4 Tips for Restaurant Tipping

Here’s a common and thoroughly modern restaurant scenario: You and a pal have just polished off a couple of pizzas and a good bottle of wine at the neighborhood trattoria. The bill comes, and there’s a little pile of Perugina mints on top — and a service fee! Cue a 10-minute conversation about whether or not to leave a tip.

Between service fees and near-ubiquitous adoption of iPad checkout — and its tipping suggestions — tipping has gotten more complicated. And because we all want to do the right thing, it can be a little stressful.

As food professionals, Ingredient folk all dine out (and order in) a bunch, and the state of tipping is something we talk about a lot. So it feels like a good time for a listicle.

Here are some practical tips for fair tipping. As you read them, leave room for the idea that exceptional service — from a seasoned professional who knows the menu and can recommend a great wine — can turn a meal into a wonderful experience, one that calls for a larger tip.

On top of a service charge
More and more restaurants are adding service fees, ranging up to 20% of the bill. In most cases, the fees are meant to create pay equity between the front and back of house staff. In some cases they also contribute to benefits and help restaurants mediate the ongoing impacts of Covid, like higher food costs and fewer tables.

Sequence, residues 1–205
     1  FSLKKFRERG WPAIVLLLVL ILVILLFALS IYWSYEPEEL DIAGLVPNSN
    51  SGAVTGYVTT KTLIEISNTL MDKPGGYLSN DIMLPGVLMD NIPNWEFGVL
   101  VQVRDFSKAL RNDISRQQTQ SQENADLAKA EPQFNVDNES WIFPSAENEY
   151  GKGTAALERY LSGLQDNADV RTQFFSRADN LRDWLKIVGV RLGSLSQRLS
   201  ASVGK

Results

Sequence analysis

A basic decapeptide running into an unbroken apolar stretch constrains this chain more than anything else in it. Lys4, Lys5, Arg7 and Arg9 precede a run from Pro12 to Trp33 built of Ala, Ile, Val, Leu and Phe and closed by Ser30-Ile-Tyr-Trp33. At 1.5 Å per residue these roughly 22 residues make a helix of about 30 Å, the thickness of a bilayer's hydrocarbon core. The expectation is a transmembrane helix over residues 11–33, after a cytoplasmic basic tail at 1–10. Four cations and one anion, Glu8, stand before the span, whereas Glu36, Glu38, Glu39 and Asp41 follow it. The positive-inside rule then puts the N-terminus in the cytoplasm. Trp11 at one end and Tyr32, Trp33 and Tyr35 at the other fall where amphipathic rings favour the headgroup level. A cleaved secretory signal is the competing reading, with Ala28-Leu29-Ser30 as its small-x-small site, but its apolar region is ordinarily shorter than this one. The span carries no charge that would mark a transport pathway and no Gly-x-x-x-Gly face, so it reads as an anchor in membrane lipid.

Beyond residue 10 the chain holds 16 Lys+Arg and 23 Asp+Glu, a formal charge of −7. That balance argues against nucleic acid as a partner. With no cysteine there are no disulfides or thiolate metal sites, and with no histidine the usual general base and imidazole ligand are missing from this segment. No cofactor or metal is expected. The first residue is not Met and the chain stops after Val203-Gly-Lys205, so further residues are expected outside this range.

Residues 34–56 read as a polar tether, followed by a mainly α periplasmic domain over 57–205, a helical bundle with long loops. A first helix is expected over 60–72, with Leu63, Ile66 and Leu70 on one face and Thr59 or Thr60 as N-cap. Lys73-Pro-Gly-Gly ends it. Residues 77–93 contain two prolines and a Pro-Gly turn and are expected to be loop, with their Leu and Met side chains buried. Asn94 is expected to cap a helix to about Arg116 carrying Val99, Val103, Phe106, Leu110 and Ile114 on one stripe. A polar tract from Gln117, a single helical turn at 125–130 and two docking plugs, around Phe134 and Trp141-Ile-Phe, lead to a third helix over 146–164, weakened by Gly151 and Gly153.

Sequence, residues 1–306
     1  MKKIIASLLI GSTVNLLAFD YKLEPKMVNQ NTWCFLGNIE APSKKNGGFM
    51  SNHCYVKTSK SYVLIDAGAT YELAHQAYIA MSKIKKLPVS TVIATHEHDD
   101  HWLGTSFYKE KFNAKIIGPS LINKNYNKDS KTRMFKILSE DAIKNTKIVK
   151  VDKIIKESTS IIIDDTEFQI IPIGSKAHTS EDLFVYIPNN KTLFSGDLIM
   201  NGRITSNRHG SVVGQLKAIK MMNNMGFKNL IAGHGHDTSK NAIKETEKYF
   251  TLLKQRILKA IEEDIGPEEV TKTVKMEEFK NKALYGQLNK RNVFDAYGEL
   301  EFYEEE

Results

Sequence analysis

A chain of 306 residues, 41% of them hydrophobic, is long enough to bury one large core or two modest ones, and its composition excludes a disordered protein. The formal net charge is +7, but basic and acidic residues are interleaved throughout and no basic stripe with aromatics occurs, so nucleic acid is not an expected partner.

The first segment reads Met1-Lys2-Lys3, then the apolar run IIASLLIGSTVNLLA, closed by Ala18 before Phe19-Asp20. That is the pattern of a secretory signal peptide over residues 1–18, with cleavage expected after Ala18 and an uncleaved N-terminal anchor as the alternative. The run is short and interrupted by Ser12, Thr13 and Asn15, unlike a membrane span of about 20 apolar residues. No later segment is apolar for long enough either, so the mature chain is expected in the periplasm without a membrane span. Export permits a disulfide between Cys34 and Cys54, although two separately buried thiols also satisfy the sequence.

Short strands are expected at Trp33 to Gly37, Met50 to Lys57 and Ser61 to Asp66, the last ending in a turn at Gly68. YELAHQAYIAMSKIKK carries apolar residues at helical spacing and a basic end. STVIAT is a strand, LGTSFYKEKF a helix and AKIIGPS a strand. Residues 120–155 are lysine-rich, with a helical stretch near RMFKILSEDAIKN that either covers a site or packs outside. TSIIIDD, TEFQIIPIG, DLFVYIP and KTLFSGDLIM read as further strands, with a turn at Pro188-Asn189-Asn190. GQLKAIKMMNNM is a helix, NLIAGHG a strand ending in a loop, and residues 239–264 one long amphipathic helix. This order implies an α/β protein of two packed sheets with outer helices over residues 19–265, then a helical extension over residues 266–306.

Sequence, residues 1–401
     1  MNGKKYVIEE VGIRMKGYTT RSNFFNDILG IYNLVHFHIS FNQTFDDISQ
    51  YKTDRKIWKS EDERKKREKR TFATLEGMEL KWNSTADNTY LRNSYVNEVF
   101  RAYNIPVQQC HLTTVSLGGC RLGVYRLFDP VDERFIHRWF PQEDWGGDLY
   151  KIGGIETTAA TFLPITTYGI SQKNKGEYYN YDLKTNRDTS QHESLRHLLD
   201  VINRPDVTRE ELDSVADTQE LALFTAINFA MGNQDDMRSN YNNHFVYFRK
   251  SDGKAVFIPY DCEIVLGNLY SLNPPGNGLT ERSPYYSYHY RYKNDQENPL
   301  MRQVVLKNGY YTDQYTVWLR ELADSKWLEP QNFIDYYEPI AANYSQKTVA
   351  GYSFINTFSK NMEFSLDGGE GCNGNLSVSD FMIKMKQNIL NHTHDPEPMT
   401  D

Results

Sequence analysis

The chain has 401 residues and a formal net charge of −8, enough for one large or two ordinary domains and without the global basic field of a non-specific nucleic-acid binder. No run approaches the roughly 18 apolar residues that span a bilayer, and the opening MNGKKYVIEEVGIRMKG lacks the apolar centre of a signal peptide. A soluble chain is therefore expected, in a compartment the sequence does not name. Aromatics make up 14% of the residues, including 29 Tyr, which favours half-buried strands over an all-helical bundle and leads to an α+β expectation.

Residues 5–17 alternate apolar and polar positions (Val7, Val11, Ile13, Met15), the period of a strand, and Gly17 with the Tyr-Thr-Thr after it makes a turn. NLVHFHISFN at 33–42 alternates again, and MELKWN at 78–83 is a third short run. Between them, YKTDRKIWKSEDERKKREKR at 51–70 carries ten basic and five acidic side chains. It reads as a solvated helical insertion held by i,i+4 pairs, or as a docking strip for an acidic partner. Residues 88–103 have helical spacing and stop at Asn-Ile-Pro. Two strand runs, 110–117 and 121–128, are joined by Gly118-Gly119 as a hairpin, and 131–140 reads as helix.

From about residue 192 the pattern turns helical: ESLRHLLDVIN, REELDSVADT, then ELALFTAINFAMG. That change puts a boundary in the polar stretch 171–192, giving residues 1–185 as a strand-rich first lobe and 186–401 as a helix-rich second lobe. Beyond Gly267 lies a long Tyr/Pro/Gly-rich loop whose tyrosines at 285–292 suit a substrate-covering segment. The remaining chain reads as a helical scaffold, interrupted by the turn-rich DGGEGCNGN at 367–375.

Should you tip on top of service fees? We like the advice of Minnesota food writer Jason DeRusha, who writes that tipping a full 20% on top of the bill defeats the intention of the fee. However, if the service was great, consider adding a flat amount on top — say $5 to $10 depending on the check.

On top of “gratuity included”
Apparently, it is a truth universally acknowledged that tipping in large groups is complicated so more and more restaurants are adding a gratuity to the bill when there are six or more diners.

Generally, restaurants will add 18% for the gratuity, in which case you do not need to tip. If it’s lower, say 15%, you should add enough to get it to 20%.

On a sit-down meal
For dine-in service where there isn’t a fee, a 20% tip is still the standard. Most sources we found said that even if the service was terrible, they’d still tip 15% because that money represents a significant portion of the server’s income.

Here’s an easy way to figure out a 20% tip: Round up, double, and move the decimal point one digit to the left. For example, the tip on $24.50: $25.00 x 2 = $50.00 = $5.00 tip.

On counter service, takeout, or delivery meals
Even though you’re not getting table service, people still have to prepare your food for you, and there’s a lot of behind-the-scenes hustle and organization that goes into getting it right, bagging it up, and handing it to you — at the counter or at your house. So yes, if there’s a jar or an option to tip on the check, you should.

Standard tip on counter service (including that afternoon coffee), takeout, and delivery is 15%. Here’s an easy way to do the math: move the decimal point one to the left to find 10%, round up, and then add half that number on top. For example, the tip on $24.50: $24.50 becomes $2.50 + 1.25 = $3.75 tip.